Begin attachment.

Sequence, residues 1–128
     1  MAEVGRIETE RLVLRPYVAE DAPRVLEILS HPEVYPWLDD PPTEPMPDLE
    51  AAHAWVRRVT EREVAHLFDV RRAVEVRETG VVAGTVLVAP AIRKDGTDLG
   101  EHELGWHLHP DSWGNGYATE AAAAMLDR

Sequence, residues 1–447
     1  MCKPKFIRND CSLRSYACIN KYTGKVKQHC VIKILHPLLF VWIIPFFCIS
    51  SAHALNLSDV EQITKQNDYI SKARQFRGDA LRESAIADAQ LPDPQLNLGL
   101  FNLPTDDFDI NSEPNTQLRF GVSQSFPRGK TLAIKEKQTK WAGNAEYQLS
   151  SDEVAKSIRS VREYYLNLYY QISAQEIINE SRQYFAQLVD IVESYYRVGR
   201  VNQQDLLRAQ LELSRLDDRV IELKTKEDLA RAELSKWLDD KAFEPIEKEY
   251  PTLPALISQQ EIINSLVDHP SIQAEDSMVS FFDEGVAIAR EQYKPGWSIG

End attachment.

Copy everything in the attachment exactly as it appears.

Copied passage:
Sequence, residues 1–128
     1  MAEVGRIETE RLVLRPYVAE DAPRVLEILS HPEVYPWLDD PPTEPMPDLE
    51  AAHAWVRRVT EREVAHLFDV RRAVEVRETG VVAGTVLVAP AIRKDGTDLG
   101  EHELGWHLHP DSWGNGYATE AAAAMLDR

Sequence, residues 1–447
     1  MCKPKFIRND CSLRSYACIN KYTGKVKQHC VIKILHPLLF VWIIPFFCIS
    51  SAHALNLSDV EQITKQNDYI SKARQFRGDA LRESAIADAQ LPDPQLNLGL
   101  FNLPTDDFDI NSEPNTQLRF GVSQSFPRGK TLAIKEKQTK WAGNAEYQLS
   151  SDEVAKSIRS VREYYLNLYY QISAQEIINE SRQYFAQLVD IVESYYRVGR
   201  VNQQDLLRAQ LELSRLDDRV IELKTKEDLA RAELSKWLDD KAFEPIEKEY
   251  PTLPALISQQ EIINSLVDHP SIQAEDSMVS FFDEGVAIAR EQYKPGWSIG